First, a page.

This year’s Earth Day theme, “Planet vs. Plastics,” names an ongoing battle that pits people against the plastics we use. Who is winning?  

Let’s consider our “opponent” – plastics. For one, the synthetic material takes anywhere from 20 to 500 years to decompose. It brings us waste-clogged oceansanimals deformed by six-pack rings and bird stomachs filled with garbageMicroplastics are likely in our blood right now, perhaps even able to cross the barriers into our brains

Earth Day calls for a 60 percent reduction by 2040 in plastic production – currently at more than 380 million tonnes per year. 

Does our side, “team planet,” have any hope?

Many University of Guelph researchers think so, cautiously. From the College of Arts to the Ontario Agricultural College, their reflections have a striking unity: Plastics are not our mortal enemies, but we must critically engage with how we use them and how we can realistically move forward.

Here are just a few lessons U of G plastic researchers want you to walk away with this year on Earth Day. 

“Solutions require imagination and creative action.”

– Dr. Amanda Boetzkes

Art history professor Dr. Amanda Boetzkes, author of Plastic Capitalism: Contemporary Art and the Drive to Waste, brings together art and the life sciences, and what these fields reveal about our global systems of energy. 

As Boetzkes questions: What can artworks teach us about the waste we use? How do they complicate and uncover our current discourses and messaging that we too often take as “common sense”?  

For instance, is the climate crisis really a “new” emergency? Her recent essay challenges that framing. As she writes, this discourse of the climate crisis as “a sudden awakening to ecological catastrophe and the precarity of Indigenous territories and Peoples [denies] any understanding of the political disputes over Indigenous land that have been ongoing for centuries and that are still not resolved.” 

In a similar vein, she confronts the theme “Planet vs. Plastics” itself and calls each of us to imagine new creative solutions:

“I can’t think of a more timely theme for Earth Day. Nevertheless, the framing of the environmental problem of plastics in terms of an epic fight across a binary opposition risks obscuring the real condition of the planet.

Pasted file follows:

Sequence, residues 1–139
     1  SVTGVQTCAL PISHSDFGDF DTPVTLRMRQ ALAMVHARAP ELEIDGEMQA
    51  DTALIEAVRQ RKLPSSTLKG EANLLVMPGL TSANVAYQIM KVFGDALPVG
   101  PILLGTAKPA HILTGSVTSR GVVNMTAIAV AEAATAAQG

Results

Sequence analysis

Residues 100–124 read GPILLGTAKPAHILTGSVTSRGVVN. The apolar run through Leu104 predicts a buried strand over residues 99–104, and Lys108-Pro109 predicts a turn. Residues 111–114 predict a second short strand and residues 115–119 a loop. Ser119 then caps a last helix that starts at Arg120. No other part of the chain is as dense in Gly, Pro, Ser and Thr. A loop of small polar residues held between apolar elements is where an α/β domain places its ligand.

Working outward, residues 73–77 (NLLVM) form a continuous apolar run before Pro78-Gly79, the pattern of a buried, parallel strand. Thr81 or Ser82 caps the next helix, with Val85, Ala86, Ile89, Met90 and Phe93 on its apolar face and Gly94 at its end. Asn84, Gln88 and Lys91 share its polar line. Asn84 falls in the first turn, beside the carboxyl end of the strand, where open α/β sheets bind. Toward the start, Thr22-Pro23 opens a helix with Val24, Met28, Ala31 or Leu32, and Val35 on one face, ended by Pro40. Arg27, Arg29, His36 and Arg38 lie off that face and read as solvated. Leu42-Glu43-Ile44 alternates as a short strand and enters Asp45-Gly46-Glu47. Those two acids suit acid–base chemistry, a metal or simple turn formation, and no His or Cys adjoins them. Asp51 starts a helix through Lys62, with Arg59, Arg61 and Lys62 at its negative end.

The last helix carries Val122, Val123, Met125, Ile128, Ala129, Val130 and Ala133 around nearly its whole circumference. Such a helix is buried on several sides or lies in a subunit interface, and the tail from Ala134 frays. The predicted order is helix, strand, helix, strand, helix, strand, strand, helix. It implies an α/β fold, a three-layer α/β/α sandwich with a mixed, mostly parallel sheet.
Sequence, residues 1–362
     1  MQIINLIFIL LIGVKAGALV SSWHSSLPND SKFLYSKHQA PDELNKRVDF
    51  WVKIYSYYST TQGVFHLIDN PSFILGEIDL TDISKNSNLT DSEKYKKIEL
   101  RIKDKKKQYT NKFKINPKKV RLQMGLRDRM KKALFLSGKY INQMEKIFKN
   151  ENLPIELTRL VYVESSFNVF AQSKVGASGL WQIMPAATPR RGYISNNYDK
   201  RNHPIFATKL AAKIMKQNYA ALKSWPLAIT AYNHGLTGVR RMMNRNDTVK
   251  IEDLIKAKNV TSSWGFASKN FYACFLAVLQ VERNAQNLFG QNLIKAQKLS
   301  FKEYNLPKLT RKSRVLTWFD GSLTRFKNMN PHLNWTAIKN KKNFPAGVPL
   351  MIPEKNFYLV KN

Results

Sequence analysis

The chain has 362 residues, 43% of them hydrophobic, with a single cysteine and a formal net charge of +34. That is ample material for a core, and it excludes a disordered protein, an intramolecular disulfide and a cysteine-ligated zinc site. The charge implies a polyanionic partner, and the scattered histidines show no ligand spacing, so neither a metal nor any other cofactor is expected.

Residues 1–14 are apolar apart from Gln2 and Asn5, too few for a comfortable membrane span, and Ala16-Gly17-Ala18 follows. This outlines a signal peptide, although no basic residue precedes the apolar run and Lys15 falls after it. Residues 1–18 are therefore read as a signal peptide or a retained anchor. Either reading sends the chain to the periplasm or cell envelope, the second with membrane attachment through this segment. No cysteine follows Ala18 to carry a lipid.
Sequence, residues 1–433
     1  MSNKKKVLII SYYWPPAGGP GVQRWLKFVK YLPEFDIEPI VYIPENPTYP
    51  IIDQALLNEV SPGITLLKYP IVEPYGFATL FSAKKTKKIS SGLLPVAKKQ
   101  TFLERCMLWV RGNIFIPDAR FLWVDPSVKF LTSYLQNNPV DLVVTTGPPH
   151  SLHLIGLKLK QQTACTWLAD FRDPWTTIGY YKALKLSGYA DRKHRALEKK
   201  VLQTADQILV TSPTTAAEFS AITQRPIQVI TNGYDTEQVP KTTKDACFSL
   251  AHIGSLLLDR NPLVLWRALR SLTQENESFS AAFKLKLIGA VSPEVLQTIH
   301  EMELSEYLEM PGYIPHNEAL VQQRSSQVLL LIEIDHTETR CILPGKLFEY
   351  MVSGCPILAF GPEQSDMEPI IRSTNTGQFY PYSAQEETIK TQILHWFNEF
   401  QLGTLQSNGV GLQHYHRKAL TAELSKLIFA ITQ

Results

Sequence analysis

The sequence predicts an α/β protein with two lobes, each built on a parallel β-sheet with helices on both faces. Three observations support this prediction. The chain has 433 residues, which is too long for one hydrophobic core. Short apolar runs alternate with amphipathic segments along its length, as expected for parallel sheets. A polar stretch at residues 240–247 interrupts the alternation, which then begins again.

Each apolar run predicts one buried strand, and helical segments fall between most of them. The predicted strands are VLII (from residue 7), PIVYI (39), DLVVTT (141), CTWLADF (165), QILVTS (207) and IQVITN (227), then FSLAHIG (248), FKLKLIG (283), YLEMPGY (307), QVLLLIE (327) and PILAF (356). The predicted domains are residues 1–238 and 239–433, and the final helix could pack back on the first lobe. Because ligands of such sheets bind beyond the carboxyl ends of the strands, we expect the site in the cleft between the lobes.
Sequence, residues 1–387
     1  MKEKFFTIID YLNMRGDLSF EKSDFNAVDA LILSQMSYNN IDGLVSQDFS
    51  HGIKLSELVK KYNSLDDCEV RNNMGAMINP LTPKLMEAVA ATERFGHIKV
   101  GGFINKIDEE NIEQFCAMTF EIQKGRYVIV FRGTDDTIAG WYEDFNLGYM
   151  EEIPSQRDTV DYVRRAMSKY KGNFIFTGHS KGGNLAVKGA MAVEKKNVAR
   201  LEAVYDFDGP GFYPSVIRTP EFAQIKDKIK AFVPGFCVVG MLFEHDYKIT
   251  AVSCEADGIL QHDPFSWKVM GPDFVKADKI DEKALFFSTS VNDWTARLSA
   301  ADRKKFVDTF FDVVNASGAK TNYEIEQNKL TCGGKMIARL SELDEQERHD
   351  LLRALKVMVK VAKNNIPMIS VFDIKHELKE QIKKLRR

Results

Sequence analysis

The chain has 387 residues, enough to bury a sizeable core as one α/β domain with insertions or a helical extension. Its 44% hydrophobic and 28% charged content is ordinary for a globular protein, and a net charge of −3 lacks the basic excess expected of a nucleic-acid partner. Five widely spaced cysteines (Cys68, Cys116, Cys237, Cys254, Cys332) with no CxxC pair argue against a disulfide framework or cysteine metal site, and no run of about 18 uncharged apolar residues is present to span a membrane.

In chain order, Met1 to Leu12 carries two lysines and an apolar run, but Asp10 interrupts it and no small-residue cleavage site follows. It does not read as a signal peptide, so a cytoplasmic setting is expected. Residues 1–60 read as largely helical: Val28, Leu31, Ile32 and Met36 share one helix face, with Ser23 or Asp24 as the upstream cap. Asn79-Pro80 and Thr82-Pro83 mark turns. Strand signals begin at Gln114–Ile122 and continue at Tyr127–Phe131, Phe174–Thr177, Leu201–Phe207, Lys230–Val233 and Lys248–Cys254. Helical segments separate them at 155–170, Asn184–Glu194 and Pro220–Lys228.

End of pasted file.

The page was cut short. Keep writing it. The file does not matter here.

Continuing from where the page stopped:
Plastics have co-evolved with the Earth’s ecosystems over the 20th and 21st centuries; they are now an integral part of the planet, appearing in waterways, land and atmosphere, from micro to macro scales. Their effects span from genetic and biochemical disruptions in animals to their more cumbersome appearance as tangled agglomerations of waste. 

Solutions require imagination and creative action. They require imagination because plastic pollutions are so intensive that we cannot defect to mythologies of a planet before plastics; we must have a vision of a planet that takes into account the ongoing material effects of plastics into the future.  Creative action must consider how we can shift from the historical consciousness that produced plastics in the first place and take hold of plasticity itself in a fundamental sense. 

Vision and mindset are essential tools to recast the original problem of plastics.”

“The amount of microplastics will only continue to grow.”

– Dr. Ryan Prosser

A professor of ecotoxicology in the School of Environmental Sciences, Dr. Ryan Prosser questions what happens when chemicals such as road salt, pesticides and microplastics leak into the environment.

As all biological levels of organization are interconnected, every part is affected by our actions – from an individual organism to entire biological communities. 

This couldn’t be truer for microplastics. Over the years, Prosser has studied both their potential effects and where they tend to accumulate. The worry is that enough microplastics can affect one organism’s health and therefore their reproduction, cascading into broader and unknown effects.

Most current research is focused on microplastics in the ocean, but Prosser’s team is finding them in Grand River mussels, worms and insect larvae. They are actively studying microplastics in freshwater and soil, introduced via fertilizers, as well as the organisms that ingest them through these channels. 

One alarming theme? As Prosser puts it, microplastics are everywhere – that’s already a given. Now research must determine the consequences. 

“While plastics have made innovations possible in a variety of areas like medicine and transportation, the exponential growth of our use and new production of plastic presents a problem for Earth. We don’t know conclusively the impact of microplastics on our terrestrial and aquatic ecosystems. But I think all scientists would agree they shouldn’t be there. 

Species on our planet don’t need an additional potential stressor to have to overcome. The amount of microplastics will only continue to grow if we don’t stop producing new plastic, improve the proportion of plastic that we recycle, find alternative biodegradable polymers and improve our waste management.”

“Innovative alternatives and reduced demand are keys to the plastic problem.

– Dr. Brandon Gilroyed

Dr. Brandon Gilroyed, also a professor in the School of Environmental Sciences and director for the Centre for Agricultural Renewable Energy and Sustainability (CARES) at Ridgetown Campus, is somewhat of a modern-day alchemist – turning waste into energy and bioproducts that could one day replace plastics as we know them. 

As he reflects, these materials have been incredibly important in modern living. But it is the way we use and produce them – often carelessly and non-sustainably – that has resulted in the plastics conundrum we see today. As such, new solutions are required.

For instance, from poultry and egg waste, his team can create lactic acid – the chemical found in sour milk or in our muscle cells after a good workout. Lactic acid can in turn be converted into many useful products, including biodegradable plastic. 

His team is also exploring the fate of existing compostable plastic products in “anaerobic digestion systems” – digestion via microorganisms in the absence of oxygen – which convert organic waste into electricity or renewable natural gas.